September 19, 2011Pradeep Chakraborty
ARM is connecting the world today, according to John Cornish, VP and GM, Design Division ARM. Over 4 billion people are using ARM-powered mobile phones currently. He was speaking at the ARM Technical Symposium in Bangalore, India.
Looking at the end user product demand in 2010, there were 3.7 billion SoCs in mobile phones, 15.3 billion embedded and other SoCs, 1.5 billion SoCs in enterprises, 230 million units in client computing devices, etc. The end user product demand in 2015 will be 7.3 billion SoCs in mobile phones, 21.6 billion embedded and other SoCs, 750 million SoCs in client computing, 2.7 billion SoCs in enterprises, 1.2 billion SoCs in DTVs/STBs, and 110 million server and 140 million desktop and PC SoC devices.
It is well known that there are and will be billions of Internet connected devices. Mobile is now the nexus of this revolution. The computing revolution is driving computing, content and the cloud.
ARM is said to be scaling across the digital world. For instance, ARM technology is suitable for application processors across a huge range of devices. Chip suppliers can develop for multi-industrial applications. Also, OEMs can re-use software across mobile/consumer devices.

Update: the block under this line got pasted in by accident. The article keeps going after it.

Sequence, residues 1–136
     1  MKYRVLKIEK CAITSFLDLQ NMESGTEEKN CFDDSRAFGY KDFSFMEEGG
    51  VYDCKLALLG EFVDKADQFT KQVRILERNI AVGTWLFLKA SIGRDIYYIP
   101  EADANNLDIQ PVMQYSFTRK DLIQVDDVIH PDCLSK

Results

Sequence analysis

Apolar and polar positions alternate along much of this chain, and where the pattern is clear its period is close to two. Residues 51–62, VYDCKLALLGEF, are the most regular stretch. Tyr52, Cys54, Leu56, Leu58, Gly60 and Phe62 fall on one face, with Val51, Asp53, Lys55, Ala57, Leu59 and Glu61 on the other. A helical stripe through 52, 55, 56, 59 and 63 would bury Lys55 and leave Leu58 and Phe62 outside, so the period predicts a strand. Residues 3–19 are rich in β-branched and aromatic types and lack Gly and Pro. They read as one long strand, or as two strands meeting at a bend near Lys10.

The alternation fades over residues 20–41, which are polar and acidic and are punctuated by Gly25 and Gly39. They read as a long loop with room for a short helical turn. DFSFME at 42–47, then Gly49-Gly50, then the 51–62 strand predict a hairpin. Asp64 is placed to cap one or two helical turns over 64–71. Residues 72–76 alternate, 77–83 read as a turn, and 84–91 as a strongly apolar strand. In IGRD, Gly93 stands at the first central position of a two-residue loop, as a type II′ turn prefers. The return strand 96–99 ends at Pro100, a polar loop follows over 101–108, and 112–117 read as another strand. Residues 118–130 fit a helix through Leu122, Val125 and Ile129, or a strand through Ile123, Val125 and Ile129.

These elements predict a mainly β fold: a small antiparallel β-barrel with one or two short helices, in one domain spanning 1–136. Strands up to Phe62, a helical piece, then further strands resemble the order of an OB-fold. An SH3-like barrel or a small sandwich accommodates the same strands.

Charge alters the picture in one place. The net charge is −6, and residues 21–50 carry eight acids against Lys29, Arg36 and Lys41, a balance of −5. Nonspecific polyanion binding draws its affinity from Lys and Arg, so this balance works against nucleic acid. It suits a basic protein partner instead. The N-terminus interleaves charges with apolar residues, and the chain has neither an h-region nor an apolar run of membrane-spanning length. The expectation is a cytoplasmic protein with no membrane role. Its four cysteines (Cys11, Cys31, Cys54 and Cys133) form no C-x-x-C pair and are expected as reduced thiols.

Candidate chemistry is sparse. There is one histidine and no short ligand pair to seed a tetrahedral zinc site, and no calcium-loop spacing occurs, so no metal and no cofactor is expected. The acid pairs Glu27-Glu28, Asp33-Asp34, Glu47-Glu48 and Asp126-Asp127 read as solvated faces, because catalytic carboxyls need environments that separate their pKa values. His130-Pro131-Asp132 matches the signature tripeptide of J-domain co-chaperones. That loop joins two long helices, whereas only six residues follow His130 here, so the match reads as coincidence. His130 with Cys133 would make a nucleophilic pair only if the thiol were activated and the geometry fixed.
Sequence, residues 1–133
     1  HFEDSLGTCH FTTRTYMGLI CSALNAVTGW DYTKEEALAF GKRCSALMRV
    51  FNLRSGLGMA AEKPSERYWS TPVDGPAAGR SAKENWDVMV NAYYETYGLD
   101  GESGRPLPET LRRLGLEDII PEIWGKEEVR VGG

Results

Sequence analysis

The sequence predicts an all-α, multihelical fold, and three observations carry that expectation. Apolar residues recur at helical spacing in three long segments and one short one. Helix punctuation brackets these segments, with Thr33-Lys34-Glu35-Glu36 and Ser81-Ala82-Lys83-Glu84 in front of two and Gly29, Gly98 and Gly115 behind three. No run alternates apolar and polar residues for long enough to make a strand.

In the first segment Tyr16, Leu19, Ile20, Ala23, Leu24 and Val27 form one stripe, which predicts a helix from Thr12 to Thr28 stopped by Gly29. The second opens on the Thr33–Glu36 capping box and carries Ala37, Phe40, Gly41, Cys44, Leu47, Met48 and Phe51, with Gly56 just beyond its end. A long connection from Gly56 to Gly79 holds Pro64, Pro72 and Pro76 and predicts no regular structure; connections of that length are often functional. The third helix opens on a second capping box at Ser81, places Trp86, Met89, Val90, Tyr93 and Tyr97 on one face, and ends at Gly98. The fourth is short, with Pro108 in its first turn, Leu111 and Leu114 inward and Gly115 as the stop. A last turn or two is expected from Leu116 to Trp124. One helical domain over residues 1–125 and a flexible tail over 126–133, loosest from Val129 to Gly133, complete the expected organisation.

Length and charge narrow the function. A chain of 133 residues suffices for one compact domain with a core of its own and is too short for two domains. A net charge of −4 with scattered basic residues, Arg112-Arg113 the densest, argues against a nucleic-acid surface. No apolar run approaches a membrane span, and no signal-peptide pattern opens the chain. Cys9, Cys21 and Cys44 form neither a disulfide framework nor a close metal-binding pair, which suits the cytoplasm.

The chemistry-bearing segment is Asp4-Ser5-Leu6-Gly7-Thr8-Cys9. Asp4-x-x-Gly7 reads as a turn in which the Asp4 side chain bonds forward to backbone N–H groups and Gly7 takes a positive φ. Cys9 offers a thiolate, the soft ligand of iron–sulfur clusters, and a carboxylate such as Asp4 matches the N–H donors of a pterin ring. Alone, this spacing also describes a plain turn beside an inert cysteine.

Despite all of this, there is still some way to go. As of now, 5.1 billion inhabitants of the planet don’t have access to the Internet, and 2.2 billion don’t have a mobile phone.
Cornish listed certain challenges such as the need for greater energy efficiency, greater software efficiency, improved security and diversity of solutions vital to address the opportunity.
Regarding smart energy-connected systems, he mentioned smart home energy management (HEM), smart meters, smart appliances, smart heating, home area networking, etc. “We will need smart devices that can be embedded on anything,” he added.